Last month when Jeb Bush recused himself from sitting on the state Elections Canvassing Commission, he tapped Florida Agriculture Commissioner Bob Crawford, a Democrat, to take his place.
At the time, I was a little surprised that this pick didn't draw a touch more critical attention. Why? Crawford had supported Jeb's gubernatorial candidacy in 1998 and he supported W. for president this year. In my neck of the woods we have a name for Southern Democrats who supported George W. Bush. We call them Republicans.
Now comes word that Crawford is in line for a promotion. He's going to head the Department of Citrus (presumably a job that exists only in Florida.) A commission dominated by Jeb's appointees has tapped Crawford for the job, which pays $237,270 a year. That's about twice what Crawford and all the rest of the state's highest elected officials, including Jeb, currently makes.
State Dems are saying it's payback. Frankly, to me, that charge doesn't seem like much of a stretch.
In the none-too-subtle words of the St. Petersburg Times:
Crawford's move toward the Citrus Department job was swift: He applied Monday, and the state's Citrus Commission voted Tuesday to offer him the position. The official salary range for the post is $90,000 to $290,000. In a statement Tuesday, Crawford said he was "honored" to be offered the job, and looked forward to discussing it further.
Job well done, Bob!
Why isn't this story getting picked up elsewhere?
Let's turn now to the increasingly notorious Hillary Clinton book deal. My understanding was always that Newt Gingrich got in trouble for his book deal because he basically cut the deal with Rupert Murdoch's lobbyist. It wasn't an open bid. It was a sweetheart deal.
Hillary's book deal was the product of an open bid. So what exactly is the problem?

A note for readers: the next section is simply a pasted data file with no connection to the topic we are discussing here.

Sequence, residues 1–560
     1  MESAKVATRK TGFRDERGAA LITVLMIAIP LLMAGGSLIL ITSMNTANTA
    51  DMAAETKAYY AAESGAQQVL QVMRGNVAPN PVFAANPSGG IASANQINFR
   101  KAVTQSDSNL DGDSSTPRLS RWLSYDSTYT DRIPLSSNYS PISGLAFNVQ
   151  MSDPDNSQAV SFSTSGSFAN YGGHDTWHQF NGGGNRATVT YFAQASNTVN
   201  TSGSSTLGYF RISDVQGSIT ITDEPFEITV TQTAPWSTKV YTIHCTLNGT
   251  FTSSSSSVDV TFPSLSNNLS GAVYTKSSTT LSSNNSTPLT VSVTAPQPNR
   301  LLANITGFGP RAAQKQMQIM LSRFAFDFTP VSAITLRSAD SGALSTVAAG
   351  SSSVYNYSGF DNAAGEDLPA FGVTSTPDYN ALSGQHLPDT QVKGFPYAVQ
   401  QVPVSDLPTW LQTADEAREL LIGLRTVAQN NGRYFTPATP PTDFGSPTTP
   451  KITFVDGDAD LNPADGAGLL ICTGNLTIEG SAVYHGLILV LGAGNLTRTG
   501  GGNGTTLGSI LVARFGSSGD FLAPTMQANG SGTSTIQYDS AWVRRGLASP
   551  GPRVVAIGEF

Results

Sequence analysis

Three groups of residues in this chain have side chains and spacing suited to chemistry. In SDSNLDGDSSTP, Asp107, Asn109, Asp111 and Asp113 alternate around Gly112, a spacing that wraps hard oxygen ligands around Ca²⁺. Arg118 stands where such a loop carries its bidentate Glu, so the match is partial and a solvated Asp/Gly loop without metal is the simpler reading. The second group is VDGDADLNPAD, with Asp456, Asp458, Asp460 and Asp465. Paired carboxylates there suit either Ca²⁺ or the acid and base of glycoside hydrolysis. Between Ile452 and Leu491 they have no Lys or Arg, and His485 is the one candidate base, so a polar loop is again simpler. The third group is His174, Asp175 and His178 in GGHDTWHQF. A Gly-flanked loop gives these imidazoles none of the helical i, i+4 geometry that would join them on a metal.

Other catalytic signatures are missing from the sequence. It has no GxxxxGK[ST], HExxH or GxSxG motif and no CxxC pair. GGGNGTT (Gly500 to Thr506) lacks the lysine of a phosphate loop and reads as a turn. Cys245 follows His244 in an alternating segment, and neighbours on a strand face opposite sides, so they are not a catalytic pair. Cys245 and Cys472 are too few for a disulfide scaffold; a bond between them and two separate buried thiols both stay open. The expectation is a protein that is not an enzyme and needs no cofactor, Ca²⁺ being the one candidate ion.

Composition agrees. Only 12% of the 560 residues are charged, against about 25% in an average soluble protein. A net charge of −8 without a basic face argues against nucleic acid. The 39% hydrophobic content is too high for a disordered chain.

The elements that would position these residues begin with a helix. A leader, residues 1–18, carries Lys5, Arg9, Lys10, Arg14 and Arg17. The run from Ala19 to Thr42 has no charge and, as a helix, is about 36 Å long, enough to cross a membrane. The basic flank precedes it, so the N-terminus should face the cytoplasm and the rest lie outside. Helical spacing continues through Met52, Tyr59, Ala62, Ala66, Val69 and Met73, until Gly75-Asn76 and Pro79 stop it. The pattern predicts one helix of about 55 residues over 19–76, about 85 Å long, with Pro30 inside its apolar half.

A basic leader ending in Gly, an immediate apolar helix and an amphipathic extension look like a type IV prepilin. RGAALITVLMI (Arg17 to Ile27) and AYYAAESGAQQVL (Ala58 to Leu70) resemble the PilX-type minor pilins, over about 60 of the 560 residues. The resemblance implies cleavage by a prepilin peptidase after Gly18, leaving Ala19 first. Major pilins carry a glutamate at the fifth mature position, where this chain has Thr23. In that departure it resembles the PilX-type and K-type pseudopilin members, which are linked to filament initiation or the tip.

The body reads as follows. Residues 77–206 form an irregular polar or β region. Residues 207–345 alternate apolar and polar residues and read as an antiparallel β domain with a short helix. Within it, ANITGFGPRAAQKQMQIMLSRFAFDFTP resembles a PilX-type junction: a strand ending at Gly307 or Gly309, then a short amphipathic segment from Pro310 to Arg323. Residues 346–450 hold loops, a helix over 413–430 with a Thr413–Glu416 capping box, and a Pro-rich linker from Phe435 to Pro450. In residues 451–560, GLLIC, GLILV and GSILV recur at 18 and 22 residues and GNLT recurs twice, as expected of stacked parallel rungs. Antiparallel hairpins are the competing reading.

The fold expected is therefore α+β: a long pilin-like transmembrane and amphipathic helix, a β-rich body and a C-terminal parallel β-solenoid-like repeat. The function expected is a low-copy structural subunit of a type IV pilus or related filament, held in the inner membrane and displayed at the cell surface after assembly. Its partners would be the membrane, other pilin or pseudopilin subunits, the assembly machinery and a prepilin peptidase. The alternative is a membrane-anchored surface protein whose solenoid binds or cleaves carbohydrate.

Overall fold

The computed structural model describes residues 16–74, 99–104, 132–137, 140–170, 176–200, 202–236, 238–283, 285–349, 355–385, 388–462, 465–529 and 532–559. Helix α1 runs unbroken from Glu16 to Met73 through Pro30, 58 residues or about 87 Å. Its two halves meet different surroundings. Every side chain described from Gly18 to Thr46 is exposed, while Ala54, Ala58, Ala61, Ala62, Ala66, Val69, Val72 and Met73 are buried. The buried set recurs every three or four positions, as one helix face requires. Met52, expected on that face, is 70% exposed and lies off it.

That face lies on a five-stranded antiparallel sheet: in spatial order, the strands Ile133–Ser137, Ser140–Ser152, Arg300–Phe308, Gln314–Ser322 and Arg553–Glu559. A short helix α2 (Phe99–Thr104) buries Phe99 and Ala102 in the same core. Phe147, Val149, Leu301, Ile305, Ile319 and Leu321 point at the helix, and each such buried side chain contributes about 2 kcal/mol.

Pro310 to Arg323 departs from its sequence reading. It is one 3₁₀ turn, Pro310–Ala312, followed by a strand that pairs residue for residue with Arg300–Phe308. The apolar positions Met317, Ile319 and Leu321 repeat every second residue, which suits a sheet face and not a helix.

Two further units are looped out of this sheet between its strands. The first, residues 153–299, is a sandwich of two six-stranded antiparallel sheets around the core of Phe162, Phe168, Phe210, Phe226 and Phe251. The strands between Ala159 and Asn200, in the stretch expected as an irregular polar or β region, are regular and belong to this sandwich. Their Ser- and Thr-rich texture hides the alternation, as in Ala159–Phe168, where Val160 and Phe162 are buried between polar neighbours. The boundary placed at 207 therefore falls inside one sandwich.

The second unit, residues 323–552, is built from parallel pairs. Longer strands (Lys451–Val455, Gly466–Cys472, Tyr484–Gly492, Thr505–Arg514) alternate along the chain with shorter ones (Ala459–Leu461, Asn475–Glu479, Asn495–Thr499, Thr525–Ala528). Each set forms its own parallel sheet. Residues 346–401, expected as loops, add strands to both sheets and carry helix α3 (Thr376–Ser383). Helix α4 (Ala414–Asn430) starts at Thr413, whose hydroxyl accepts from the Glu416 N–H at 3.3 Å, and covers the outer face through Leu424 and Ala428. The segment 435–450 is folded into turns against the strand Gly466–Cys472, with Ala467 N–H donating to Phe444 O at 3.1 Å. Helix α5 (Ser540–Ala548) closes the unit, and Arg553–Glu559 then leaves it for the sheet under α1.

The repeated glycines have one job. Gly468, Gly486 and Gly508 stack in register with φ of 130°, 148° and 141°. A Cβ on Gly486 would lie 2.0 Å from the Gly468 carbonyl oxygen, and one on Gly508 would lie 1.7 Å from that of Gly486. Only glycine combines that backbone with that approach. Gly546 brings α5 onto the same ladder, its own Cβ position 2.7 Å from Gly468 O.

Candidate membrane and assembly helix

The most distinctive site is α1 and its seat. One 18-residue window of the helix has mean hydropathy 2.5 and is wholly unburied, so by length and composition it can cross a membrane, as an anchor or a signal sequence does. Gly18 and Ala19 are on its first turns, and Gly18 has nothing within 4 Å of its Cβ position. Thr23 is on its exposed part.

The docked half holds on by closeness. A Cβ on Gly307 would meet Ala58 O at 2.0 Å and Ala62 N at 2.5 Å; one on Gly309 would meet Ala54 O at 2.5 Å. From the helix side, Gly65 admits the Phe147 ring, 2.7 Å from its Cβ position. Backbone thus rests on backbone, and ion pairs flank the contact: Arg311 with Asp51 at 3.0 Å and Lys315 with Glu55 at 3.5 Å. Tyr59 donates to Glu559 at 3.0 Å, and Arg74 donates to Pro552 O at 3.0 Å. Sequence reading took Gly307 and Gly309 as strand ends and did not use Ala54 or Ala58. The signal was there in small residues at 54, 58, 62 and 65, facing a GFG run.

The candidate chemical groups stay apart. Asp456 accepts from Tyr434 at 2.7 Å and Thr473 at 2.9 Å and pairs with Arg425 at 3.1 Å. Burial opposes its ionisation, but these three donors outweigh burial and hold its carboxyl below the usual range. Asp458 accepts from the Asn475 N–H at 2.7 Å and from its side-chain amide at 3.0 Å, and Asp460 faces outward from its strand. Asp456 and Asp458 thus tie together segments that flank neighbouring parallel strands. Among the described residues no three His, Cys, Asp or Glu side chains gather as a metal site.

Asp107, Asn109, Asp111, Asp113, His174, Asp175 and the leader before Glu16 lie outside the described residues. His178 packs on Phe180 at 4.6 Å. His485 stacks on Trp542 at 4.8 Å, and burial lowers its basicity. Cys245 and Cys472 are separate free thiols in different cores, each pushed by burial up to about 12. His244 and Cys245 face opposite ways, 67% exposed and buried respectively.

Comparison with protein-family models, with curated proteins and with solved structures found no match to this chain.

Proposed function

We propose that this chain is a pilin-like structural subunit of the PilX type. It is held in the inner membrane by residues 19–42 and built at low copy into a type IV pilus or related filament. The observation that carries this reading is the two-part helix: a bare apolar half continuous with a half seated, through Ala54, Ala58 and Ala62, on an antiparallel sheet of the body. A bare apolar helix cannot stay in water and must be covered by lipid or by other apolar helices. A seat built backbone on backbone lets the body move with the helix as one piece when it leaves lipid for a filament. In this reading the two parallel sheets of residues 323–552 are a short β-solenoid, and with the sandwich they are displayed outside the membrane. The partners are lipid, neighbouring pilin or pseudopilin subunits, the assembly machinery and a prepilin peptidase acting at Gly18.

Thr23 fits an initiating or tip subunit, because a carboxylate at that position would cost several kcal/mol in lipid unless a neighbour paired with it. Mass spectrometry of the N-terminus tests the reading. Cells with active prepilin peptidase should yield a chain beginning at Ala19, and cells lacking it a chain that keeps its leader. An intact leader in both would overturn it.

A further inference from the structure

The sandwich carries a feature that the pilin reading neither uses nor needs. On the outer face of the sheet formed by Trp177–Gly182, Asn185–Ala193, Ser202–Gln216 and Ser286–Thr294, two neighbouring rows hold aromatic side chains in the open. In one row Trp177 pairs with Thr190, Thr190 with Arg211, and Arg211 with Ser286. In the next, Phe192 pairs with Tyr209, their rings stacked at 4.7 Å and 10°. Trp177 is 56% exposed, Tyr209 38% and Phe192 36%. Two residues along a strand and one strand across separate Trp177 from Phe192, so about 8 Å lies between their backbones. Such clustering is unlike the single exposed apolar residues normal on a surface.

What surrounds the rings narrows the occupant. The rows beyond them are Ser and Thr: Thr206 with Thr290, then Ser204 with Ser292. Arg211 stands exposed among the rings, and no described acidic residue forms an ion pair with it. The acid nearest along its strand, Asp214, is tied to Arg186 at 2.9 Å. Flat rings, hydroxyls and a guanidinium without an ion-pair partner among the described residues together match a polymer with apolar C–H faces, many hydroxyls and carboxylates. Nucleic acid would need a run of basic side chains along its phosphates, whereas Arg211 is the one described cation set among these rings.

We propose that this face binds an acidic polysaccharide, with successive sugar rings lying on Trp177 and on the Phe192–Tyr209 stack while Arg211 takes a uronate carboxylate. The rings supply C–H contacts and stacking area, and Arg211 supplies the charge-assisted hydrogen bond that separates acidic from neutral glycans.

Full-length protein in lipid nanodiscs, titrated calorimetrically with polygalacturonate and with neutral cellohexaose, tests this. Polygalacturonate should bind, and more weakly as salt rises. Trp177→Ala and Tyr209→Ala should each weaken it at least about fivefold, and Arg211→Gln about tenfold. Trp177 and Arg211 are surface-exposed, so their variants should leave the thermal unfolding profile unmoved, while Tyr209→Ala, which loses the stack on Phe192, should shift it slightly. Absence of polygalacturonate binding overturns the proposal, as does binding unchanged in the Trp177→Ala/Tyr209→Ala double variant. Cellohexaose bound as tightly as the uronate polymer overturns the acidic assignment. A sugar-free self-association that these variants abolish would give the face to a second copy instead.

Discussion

Yes, she should probably recuse herself from legislation directly affecting Viacom. But can't she write a book? Shouldn't she be able to make money from it? (Trust me: I know some folks at the Clinton Legal Expense Trust. They really need the money.) Does anyone doubt that a book in which Hillary discusses her marriage will sell about a gazillion copies? Does anyone doubt that it will sell more copies than Newt Gingrich's tome about third-wave, information age, opportunity-society claptrap and how it relates to dinosaurs?
No, I didn't think so.
Maybe there's something wrong with the book deal. Maybe she shouldn't have accepted an advance. But Newt's book deal just doesn't seem like an apt comparison.
I'm ready to give George W. his due when he makes a good call. I don't expect this to happen very often. But picking Colin Powell was a very solid decision.
But let's get something straight. Great Guy, Lousy Doctrine. The Powell Doctrine essentially says: if you only fight fights you can win easily, then you'll win every fight. That's not a doctrine, it's a tautology, a truism. It gives you no guidance for ascertaining or protecting national interests.
Like well-designed scientific experiments, good doctrines must be capable -- in their nature -- of failing. And Powell's isn't. Because you don't know what you should have done, but didn't.
Still with me?